Definition: The chance that an investment's actual return will be different than expected.
The only thing we know about risk is based on historical data from the specific investment we are evaluating or how an investment similar to it has performed in the past. The more volatility, the higher the probability is that we will lose money at any given point in the future compared with the historical average annual gain. What will happen is unknown and that is why it is risky. (The probability is also higher that we will make more money at any given point in the future than the average gain based on the past).
Hopefully, the following graphs will help illustrate. Note that the amount of money made from each of the three investments is the same. Only the path to getting there is different.
The first chart below shows an investment whose price has risen constantly in the past. It has no volatility and therefore no risk. This would be similar to a U.S. Treasury Bond held to maturity.
The second chart shows an investment whose price has varied in the past. In some instances, if an investor would have had to sell, s/he would have lost some of the money s/he had previously made, so it has some volatility and therefore some risk.
The third chart depicts a volatile investment, and while it historically appreciated, its value was subject to wild swings. This is a risky investment given its historical ups and downs and the uncertainty of what it will do exactly in the future.
Measures of Risk
With the Figures above fresh in your mind, let’s describe two measures of risk:
The risk-adjusted return is a measure of the return on an investment relative to the risk of that investment, over a specific period: the return per unit of risk. It is a mathematical construct, which can be used to compare different investments. Alpha, Sharpe Ratio and Sortino Ratio are some measures of risk-adjusted returns.
Let’s say you invest in two different stocks, A and B. You believe, because A is a bigger, older company with consistent profit growth and returns on equity and B is much smaller, younger and less established, that B is riskier than A. You decide to invest in both A and B. So why did you invest in B if it’s riskier? The reason is that you believe B might grow faster than A in terms of profitability and/or stock price. In other words, as compensation for bearing more risk, you expect a higher return on your investment in B.
Let’s say that after a few years, your portfolio statement shows that the returns on A and B are exactly the same. You might conclude that you would have been smarter to invest all that capital in A, because it would have been less risky. Your willingness to bear greater risk by owning B was not rewarded by a greater return. Stated another way, if two investments had the same return over a specific period, the less risky asset would have a better risk-adjusted return. On the other hand, let’s say that after a few years B has outperformed A spectacularly and did so with little volatility. You might conclude that you were very well compensated for the risk you assumed.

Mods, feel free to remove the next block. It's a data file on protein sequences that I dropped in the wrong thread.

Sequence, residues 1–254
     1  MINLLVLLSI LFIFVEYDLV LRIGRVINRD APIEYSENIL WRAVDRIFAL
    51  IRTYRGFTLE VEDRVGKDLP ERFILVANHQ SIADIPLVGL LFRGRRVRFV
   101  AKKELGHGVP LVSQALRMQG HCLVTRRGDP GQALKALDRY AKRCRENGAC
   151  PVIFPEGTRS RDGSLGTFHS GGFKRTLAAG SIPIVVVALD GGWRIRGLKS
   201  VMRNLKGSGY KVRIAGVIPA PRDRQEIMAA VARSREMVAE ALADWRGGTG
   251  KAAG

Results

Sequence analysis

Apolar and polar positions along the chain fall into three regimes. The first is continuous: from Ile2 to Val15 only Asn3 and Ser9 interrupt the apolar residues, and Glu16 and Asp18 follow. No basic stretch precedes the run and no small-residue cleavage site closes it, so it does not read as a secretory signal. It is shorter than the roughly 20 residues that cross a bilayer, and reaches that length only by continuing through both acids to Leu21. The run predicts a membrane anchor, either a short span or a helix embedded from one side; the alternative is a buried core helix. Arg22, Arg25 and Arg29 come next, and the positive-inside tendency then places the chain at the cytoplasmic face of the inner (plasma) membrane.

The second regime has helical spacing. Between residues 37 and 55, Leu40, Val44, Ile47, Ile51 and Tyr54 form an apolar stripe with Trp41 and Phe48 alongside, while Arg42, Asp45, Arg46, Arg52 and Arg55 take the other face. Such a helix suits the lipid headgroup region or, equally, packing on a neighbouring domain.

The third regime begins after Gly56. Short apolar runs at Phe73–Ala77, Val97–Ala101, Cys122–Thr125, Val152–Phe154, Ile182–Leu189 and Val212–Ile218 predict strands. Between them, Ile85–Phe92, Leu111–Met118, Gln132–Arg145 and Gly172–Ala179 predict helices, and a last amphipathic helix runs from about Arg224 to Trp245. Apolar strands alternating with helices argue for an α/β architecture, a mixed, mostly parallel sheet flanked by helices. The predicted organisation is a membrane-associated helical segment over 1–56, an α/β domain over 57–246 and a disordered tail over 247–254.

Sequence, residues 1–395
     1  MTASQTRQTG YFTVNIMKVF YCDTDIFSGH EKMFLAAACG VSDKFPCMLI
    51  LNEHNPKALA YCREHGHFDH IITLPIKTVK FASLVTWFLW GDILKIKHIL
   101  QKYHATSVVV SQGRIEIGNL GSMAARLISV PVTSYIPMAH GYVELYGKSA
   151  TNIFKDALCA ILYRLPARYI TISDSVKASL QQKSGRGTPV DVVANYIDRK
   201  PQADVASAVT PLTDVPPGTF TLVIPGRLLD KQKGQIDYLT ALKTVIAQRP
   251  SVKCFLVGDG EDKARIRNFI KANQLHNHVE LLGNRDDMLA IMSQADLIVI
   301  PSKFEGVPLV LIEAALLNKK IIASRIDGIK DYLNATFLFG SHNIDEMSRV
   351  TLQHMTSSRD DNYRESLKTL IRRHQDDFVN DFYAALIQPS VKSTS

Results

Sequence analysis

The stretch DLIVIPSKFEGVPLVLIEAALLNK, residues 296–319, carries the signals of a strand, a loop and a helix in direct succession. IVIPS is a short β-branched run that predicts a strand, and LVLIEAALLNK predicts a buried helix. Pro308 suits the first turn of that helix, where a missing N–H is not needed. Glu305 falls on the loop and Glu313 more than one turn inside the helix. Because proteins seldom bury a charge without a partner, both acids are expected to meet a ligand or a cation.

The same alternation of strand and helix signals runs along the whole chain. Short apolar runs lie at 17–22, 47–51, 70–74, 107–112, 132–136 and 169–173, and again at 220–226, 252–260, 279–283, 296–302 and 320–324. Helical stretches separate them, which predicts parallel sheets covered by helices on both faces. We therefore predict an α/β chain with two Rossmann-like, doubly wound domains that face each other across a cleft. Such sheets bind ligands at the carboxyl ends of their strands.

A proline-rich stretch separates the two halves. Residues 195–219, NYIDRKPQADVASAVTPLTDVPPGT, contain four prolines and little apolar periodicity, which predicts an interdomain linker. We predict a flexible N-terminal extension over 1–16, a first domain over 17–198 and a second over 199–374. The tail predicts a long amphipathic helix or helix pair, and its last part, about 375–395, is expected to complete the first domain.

Let’s look at a more common scenario, in which B slightly outperformed A in terms of the return on investment. Can you now definitively say that the risk you took on your investment in B was rewarded by a commensurately better return? Not unless you measure your risk-adjusted returns of both A and B. To reiterate, risk-adjusted return is a measure of the return in relation to the risk and is related to the historical "rockiness" of the path that lead to the returns.
Measuring Risk-Adjusted Returns
One of the major tenets of finance is that higher returns are associated with higher risk. The good way to understand this is to think about risk-adjusted returns of two portfolios. For instance, say Portfolio A yields 10% annualized return with 30% maximum drawdown and Portfolio B yields 5% annualized return with a 15% Maximum drawdown. If one used borrowed funds (assuming a cost to borrow equal to zero to simplify things) to double the amount held in Portfolio B, the risk and return would be the same for both portfolios. One could say the risk/return of Portfolio A and Portfolio B are roughly equivalent. (Of course in the real world the cost to borrow is not zero). In this case the Sharpe and Sortino ratios for Portfolio A and Portfolio B would be roughly the same for Portfolio A and B.
While the example above provides an intuitive understanding of risk-adjusted returns, the Sharpe Ratio and the Sortino Ratio are measures that quantify it. The higher the Sharpe Ratio or Sortino Ratio for a strategy or porfolio is relative to what it is for the benchmark, the higher a portfolio's return is for the amount of risk being taken relative to that benchmark.
If the Sortino Ratio or Sharpe Ratio is equal between two strategies then the return to risk of the strategies being compared is roughly equal. If the ratios are much higher, the return to risk is much higher. Our strategies, based on historical data, have typically produced Sharpe and Sortino ratios that were close to double what they were for their benchmarks.